Cultivating Present Moment Awareness is the Only New Year's Resolution You'll Ever Need

It's that time of the year again!  The time of the year where people all across the world make New Year's resolutions, only to revert back to their old habits by February.   The time of the year where people use the hashtag #NewYearNewMe,  only to look extremely familiar a month or two later.  What causes people to fail year after year at fulfilling their New Year's resolutions? Is it lack of motivation?  Laziness?  Actually, the answer is lack of present moment awareness. 

What is Present Moment Awareness?

Present moment awareness is focusing on the here and now.  It's giving full attention to whatever is in front of you.   Most of us live in the future and the past.  We think about mistakes we've made, or things we have to do next week. However, the only thing that exists is now.   The past exists as a memory, and once the future arrives, it arrives as the present moment.    Reliving past mistakes causes regret and despair.   Worrying about the future creates anxiety. But there is nothing but peace in the present moment. 

How Does this Relate to My Life? 

Present moment awareness is important because it helps free us from our false ego.  Think about a spacious room with furniture in it. The furniture gives the room character,  but it is not the room.  The actual room is the space that allows everything to be.   Our ego is all of the things that we believe ourselves to be. It is the furniture in the room. This includes our personality, beliefs, and mental constructs.   What we truly are is the space in the room.  Now, imagine that this room is completely dark. When the room is dark, we have no idea of what is in it, and can trip over the room's furniture as we  navigate through life.  Present moment awareness allows us to see what's in the room, so that the room's content no longer blindly guides our behavior. 

 We don't create our own egos, our egos are actually given to us by our environment.  As children, we are told we are either smart or dumb, pretty or ugly, etc.  As teens we're told by our peers that we're either cool or nerds, fat or skinny, attractive or unattractive.  After awhile, many of these constructs become part of our subconscious beliefs, and it's the ego's job to ensure that these beliefs are upheld so that we can retain a consistent sense of identity.  

Often times our subconscious beliefs conflict with our conscious goals. This is why people self sabotage.   A person who has the subconscious belief that they are fat and ugly may consciously want to lose weight and look better. But their subconscious belief of being unattractive conflicts with their desire to improve their appearance, and will hinder him or her from reaching their goal.  The person may work out for a few weeks, but then start finding reasons to stop.   Or a person may have a subconscious belief that they are poor.  When they get money, they'll find ways to lose it. Maybe they'll gamble it away,  spend it on unnecessary things, or even get into an expensive accident!   We've all heard stories of people who lived in poverty prior to winning the lottery, only to be poor again in a few years.  Or athletes from impoverished neighborhoods who make millions of dollars, only to be broke in retirement.  The only way to identify your subconscious beliefs is through cultivation of present moment awareness.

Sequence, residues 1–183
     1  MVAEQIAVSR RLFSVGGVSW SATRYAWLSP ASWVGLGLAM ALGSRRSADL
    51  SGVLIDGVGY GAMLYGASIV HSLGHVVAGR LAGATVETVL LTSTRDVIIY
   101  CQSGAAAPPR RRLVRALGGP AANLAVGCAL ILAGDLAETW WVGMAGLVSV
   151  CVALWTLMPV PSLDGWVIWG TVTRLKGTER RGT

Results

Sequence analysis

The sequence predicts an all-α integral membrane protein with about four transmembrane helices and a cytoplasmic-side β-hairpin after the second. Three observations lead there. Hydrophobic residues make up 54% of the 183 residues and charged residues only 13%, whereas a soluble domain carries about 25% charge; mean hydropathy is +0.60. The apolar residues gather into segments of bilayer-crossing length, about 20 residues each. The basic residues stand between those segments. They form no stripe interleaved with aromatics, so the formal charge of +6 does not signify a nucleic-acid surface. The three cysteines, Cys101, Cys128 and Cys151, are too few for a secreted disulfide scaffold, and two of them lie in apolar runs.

How Do I Cultivate Present Moment Awareness?

A few ways to cultivate present moment awareness are through practices such as mindfulness exercises and meditation. 

Mindfulness Exercises- Mindfulness involves giving full attention to everything that you do.  Have you ever driven somewhere, only to realize that you were checked out for the previous few minutes?  You were likely thinking about something that happened in the past, or something that was going to happen in the future.  Being mindful involves being aware of everything that you are doing and thinking about in the present moment without labeling it.  For example, when you eat you can practice mindfulness by simply experiencing the food without labeling the taste as good or nasty.  Or if you get an unpleasant thought, allowing it to be without judging it as good or bad.  Eventually, your subconscious beliefs will begin to bubble to the surface.  You'll also notice what stimuli evokes these beliefs.   Once you have this awareness, you can work around these limiting beliefs to achieve your goals.  Here's a great mindfulness exercise you can try.  

 

Meditation- While mindfulness involves allowing all things in, meditation involves focusing your concentration on a single item.  Many meditative practices include focusing on the breath, a point of light such as a candle, or a mantra that is either said aloud or in your mind.  As you meditate, focus on the attention item to the best of your ability. If you notice your mind shifting to something else (which will happen ALOT in the beginning), gently return your focus to the attention item without judging or criticizing yourself.   After consistent practice, you'll soon notice that you'll be able to focus your attention for longer periods of time.  You'll also get epiphanies about limiting subconscious beliefs.  These insights can help you gain mastery over your barriers to achieve your goals. A great app for beginners who are interested in meditation is Headspace

By cultivating a consistent practice of meditation and mindfulness, you'll learn a lot about what makes you tick.  You'll gain awareness about what is hindering you from losing weight, managing your finances, or finding that special someone.  You'll also get these health benefits.   So, if you've failed at keeping up your New Year's resolutions in the past, make cultivating present moment awareness your resolution for the new year. You'll soon learn that it's the only resolution you'll ever need!